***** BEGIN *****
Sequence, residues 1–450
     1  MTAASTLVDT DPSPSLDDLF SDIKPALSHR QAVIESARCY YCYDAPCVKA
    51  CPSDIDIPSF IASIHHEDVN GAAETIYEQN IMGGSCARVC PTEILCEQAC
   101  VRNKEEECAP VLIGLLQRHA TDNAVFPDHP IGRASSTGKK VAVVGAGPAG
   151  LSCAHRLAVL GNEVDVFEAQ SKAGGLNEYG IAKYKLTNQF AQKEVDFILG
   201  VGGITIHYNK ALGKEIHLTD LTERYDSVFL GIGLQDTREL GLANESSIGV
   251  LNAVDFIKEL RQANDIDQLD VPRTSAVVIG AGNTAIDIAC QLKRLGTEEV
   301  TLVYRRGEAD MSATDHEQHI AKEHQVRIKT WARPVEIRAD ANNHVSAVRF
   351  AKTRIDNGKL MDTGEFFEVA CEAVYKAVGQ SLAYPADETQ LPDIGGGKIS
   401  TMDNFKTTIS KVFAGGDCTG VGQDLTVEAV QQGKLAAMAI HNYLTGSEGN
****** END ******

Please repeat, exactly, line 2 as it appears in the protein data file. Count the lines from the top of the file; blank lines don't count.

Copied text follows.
     1  MTAASTLVDT DPSPSLDDLF SDIKPALSHR QAVIESARCY YCYDAPCVKA